Re: Video broadcast of Extro 4

Brian Atkins (
Thu, 17 Jun 1999 21:31:13 -0400

Sounds good, but atoms are old-school. Many of us here have high speed net connections, and in 5 years probably 90% of us will. Make the videos available direct from the ExI web site on demand. Does Real Networks or give any breaks to non-profits?

Jeff Davis wrote:
> Dear Max,
> I know you're busy so I won't engage in a lot of chit chat.
> I went to Extro 3. Couldn't afford the whole cost, but with the help of
> the lovely Natasha, I paid some, and manned the front table in exchange for
> the rest. Among the most enjoyable occasions of my life. I thought then,
> as i do now, that it should have been available to the larger audience
> waiting in front of their tv's for something worth watching--something to
> get excited about. And here you are about to go at it again. But this
> time I'm ahead of the action, able to make my suggestion when something can
> still be done about it.
> Now, I am all but absolutely certain that you've covered this ground
> already. How could it be otherwise? It's so obvious. Yet I have never
> heard, vis a vis tv offerings (though I have no great knowledge of tv
> offerings), nor on the extropians list, of a cable or videotape offering of
> the extro 3, nanotech, transvision, or other conference, of whatever sort.
> (I remember from extro 3 that there were people there taping the entire
> event, so I "know" the materials exist.)
> So I see two or three ways to go here--by the way, I fully expect that the
> recording quality of the extro 3 tapes, and other sub-professionally
> recorded events, and the sound quality, probably don't come close to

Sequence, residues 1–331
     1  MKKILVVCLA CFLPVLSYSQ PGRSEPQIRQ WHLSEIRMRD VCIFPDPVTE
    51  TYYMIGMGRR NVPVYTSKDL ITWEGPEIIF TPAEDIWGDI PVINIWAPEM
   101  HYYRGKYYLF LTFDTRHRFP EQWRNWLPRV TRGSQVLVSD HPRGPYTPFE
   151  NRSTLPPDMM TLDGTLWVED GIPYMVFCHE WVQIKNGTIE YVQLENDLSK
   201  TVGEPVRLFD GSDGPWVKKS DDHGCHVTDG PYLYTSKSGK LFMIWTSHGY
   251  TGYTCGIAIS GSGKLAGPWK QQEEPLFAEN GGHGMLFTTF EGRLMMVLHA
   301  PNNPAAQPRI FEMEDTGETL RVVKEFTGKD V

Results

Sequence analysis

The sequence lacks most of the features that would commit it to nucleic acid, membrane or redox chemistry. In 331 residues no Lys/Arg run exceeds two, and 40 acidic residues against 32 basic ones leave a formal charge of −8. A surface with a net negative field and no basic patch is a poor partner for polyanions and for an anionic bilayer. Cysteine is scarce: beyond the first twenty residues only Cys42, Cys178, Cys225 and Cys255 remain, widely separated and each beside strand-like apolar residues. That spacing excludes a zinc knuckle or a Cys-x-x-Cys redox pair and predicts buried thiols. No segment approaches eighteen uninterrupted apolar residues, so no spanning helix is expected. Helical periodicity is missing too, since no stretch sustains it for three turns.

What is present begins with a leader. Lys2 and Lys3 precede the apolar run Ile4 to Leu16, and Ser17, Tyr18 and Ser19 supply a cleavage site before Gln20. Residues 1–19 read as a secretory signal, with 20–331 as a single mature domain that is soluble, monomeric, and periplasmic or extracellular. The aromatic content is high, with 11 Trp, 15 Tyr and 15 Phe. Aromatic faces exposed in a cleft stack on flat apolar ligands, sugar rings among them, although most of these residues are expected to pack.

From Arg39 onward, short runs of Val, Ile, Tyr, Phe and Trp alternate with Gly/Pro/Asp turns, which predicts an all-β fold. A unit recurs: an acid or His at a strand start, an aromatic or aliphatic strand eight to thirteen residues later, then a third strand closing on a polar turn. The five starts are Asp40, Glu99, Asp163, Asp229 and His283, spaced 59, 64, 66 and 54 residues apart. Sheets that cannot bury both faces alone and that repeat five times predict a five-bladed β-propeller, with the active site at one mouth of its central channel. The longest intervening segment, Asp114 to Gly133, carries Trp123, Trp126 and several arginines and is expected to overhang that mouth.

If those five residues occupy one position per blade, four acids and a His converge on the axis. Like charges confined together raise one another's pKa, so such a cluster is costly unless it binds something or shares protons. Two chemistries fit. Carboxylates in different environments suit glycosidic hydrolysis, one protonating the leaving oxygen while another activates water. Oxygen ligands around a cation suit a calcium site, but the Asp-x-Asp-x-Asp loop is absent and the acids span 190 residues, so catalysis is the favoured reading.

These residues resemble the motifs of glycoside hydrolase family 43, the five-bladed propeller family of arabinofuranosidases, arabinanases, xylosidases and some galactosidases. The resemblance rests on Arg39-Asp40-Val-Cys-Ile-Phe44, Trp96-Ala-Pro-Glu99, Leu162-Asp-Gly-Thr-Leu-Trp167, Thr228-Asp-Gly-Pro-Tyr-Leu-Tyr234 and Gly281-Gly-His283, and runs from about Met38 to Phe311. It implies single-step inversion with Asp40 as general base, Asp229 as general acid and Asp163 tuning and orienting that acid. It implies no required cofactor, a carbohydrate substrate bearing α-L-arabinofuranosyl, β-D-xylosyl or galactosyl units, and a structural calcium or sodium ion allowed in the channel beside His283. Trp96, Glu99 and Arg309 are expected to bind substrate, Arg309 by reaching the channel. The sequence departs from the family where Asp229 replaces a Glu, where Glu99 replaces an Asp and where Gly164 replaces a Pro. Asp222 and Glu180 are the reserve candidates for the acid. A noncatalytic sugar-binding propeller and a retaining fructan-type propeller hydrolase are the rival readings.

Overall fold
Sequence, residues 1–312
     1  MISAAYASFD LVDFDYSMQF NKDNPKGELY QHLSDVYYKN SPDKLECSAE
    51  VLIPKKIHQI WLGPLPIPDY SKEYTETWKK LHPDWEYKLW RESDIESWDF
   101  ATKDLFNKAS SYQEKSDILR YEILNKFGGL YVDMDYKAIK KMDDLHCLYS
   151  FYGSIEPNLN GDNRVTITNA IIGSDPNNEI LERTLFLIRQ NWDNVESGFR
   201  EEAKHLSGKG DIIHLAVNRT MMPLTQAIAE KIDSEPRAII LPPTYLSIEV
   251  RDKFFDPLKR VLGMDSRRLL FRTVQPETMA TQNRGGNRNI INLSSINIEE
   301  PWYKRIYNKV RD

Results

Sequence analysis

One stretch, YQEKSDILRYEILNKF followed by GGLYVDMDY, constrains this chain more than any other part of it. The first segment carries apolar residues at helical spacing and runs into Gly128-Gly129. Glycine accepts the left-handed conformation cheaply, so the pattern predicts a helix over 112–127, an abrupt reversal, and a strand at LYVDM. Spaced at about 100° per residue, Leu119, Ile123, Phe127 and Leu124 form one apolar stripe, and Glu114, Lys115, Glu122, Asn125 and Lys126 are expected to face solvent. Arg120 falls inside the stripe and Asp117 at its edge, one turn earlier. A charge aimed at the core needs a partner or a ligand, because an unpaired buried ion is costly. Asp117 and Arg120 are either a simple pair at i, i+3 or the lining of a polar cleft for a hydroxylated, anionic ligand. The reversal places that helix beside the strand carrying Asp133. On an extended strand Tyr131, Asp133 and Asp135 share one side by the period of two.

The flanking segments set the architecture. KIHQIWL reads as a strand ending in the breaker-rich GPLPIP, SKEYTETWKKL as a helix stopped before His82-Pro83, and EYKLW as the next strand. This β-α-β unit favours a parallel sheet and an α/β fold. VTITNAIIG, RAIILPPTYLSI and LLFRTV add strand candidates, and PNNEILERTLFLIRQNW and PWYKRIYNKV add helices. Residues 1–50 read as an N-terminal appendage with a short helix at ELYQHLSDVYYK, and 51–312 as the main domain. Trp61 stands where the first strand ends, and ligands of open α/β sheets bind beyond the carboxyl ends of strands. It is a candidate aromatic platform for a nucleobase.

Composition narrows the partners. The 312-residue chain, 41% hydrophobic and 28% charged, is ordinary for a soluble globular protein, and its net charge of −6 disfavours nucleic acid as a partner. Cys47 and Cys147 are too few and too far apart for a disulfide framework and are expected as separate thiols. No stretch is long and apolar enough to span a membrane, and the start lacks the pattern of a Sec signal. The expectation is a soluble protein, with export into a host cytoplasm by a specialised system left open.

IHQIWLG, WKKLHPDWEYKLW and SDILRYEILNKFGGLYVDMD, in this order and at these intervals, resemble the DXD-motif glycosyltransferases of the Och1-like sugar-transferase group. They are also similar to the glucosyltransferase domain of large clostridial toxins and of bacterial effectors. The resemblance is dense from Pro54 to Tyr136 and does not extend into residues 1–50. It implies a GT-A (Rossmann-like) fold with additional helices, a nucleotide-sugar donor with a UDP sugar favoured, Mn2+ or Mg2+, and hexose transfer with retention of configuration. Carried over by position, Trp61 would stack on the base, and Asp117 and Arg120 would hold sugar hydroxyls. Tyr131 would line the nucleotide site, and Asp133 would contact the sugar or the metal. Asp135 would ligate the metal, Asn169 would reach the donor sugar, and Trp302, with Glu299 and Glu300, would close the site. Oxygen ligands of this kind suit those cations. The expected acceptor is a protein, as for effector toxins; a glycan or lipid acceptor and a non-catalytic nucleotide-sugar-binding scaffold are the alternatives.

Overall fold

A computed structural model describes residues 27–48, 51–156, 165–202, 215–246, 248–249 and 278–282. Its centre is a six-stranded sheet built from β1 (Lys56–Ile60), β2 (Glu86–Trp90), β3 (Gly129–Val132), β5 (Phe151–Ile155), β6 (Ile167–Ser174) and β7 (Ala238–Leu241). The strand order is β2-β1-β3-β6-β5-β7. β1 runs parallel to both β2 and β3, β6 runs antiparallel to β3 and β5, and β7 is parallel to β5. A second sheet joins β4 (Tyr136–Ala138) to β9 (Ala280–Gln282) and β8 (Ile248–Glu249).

> "broadcast" quality, and that post-production clean-up is likely to be both
> expensive and of limited benefit; nevertheless, you have the "finished"
> product there in the can, ready to go. A kind of freebie ready to be turned
> into money,, revenue.--
> 1. Get someone to market Extro 4 for you, on cable and on tape.
> 2. Get someone to market a broad range of conferences, including ours (If
> I maybe so bold as to consider myself one of the family.) as a niche market
> cable/videotape offering,
> or
> 3. Initiate an extropian business enterprise, and do it ourselves. Re this
> last consider: If we are entering "the information age", then being a
> collector and distributor of information should, by definition, be
> economically viable, if not lucrative. The kind of information that comes
> from conferences is--I'll stick my neck out on this on--high quality, but
> not currently considered for broadcast because of--I'm guessing again--low
> demand and sub-broadcast-standard production values. But shortly, when
> access to such materials (full bandwidth video) becomes possible on the
> internet, demand should be higher and production values less of an issue.
> At which time, an inventory of product and an established position in the
> marketplace makes you a player. There are lots of high tech conferences
> out there that the world is hungry for but can't afford to attend. When,
> in short order, the filaments of the net connect to that hunger (if not
> already) you have a happening thing. (Someone might suggest that those who
> would be interested could, as they do now, get their info by reading the
> conference proceedings. But I would suggest that a human narrated
> treatment clearly is richer and greatly broadens the audience.)
> Meanwhile, a cable tv, videotape, and --how could I have overlooked it--
> "Conferences on CD" distribution enterprise seems a ripe extropian
> enterprise.
> I'm willing to help. And I'm here in the Bay Area.
> Anders,
> Is Transvision 99 on tape?
> Best, Jeff Davis
> "Everything's hard till you know how to do it."
> Ray Charles

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